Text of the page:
Optimizing Accessibility of a Hand-wash Gel to Infant’s Cradle Effect on Neonatal Conjunctivitis

Tatiana Smolkin, Ella Roth-Ahronson, Michal Kranzler, Yuval Geffen, Tanya Mashiach, Amir Kugelman, Imad R. Makhoul

Research output: Contribution to journalArticlepeer-review

3 Scopus citations


Background: In our recent study in 2015, we showed a significant relationship between increased rate of clinical neonatal conjunctivitis (CNC) and performance of eye red reflex examination. Our study aim was to assess whether improved accessibility of staff to disinfectant gel (via attaching the gel bottle to infant’s cradle) will increase the caring staff compliance with hand hygiene and decrease the rate of CNC. Methods: Our intervention included attaching bottles of alcohol-based gel to newborns’ cradles to ensure full availability and accessibility of hand-wash disinfectant. We included all newborn infants who were born beyond 35 weeks’ gestation and stayed in the well-baby nursery. We compared 2 periods: pre-intervention period (n = 9380) versus an intervention period (n = 8087). Three variables were recorded: (1) rate of CNC: number of conjunctival swabs sampled per 1000 newborns whenever an eye discharge was noted, (2) rate of bacterial conjunctivitis: number of positive swabs per 1000 newborns and (3) percentage of positive swabs out of all sampled swabs. Results: Compared with pre-intervention period, the rate of CNC dropped significantly during the intervention period: 28.6/1000 versus 21.3/1000, respectively, P < 0.01. However, the number of positive bacterial swabs per 1000 newborns (3.2 vs. 2.5) and the percentage of positive bacterial swabs of all sent samples (11.6% vs. 10.8%) were not different between the 2 periods. The majority of pathogens in swabs were Gram-negative sp. without difference between study periods (77.4% vs. 80%), respectively. Univariate analysis showed significant association between rate of CNC and longer length of stay >5 days (P < 0.001) and vaginal delivery. Logistic stepwise regression analysis showed that 4 variables were significantly and independently associated with higher rate of clinical conjunctivitis. These include birth during pre-intervention period [P = 0.018, odds ratio (OR) = 1.27, 95% confidence interval (CI): 1.04–1.54], length of stay 4–5 days (P < 0.001, OR = 2.23, CI: 1.63–3.06), length of stay >7 days (P < 0.001, OR = 6.51, CI: 4.24–10.02), vaginal delivery (P = 0.004, OR = 1.6, CI: 1.17–2.2) and male gender (P = 0.006, OR = 1.31, CI: 1.08–1.59). Conclusions: Accessibility of a disinfectant gel within each newborn’s cradle raised hygiene awareness among the caring staff and contributed to the reduction of CNC rate in the newborn nursery.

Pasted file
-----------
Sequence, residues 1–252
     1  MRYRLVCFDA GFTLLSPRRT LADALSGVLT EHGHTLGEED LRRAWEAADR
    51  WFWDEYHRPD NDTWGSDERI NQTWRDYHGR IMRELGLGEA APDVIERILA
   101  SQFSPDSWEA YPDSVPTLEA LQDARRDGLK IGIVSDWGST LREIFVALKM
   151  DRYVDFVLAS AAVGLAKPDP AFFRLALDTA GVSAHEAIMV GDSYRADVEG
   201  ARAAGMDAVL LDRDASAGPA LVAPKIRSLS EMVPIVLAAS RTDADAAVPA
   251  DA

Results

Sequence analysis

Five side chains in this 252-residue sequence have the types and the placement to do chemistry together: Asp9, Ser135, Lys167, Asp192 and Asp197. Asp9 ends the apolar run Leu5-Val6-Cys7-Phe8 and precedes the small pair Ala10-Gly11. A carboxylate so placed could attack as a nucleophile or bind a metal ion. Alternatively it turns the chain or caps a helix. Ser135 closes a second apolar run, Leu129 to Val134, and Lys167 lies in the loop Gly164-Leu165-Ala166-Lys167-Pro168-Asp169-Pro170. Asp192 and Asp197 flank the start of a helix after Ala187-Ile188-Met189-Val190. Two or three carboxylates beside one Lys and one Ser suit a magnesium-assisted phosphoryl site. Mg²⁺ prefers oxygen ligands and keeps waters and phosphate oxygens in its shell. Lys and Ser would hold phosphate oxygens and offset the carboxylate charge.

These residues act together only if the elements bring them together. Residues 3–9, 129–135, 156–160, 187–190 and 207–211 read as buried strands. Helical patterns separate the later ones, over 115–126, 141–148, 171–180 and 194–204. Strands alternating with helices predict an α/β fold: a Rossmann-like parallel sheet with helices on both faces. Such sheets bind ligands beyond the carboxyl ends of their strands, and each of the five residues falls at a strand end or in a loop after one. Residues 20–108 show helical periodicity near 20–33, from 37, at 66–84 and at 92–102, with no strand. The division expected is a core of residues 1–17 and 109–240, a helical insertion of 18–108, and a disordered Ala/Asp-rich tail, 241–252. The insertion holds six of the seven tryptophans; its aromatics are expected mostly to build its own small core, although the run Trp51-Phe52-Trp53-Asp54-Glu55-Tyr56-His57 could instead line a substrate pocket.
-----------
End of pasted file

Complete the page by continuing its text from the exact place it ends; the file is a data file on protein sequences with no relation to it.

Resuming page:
Original languageEnglish
Pages (from-to)E7-E11
JournalPediatric Infectious Disease Journal
Issue number1
StatePublished - 1 Jan 2019

Bibliographical note

Publisher Copyright:
Copyright © 2018 Wolters Kluwer Health, Inc. All rights reserved.


  • Conjunctivitis
  • Disinfectant gel
  • Hygiene
  • Newborn infant
  • Red reflex eye examination


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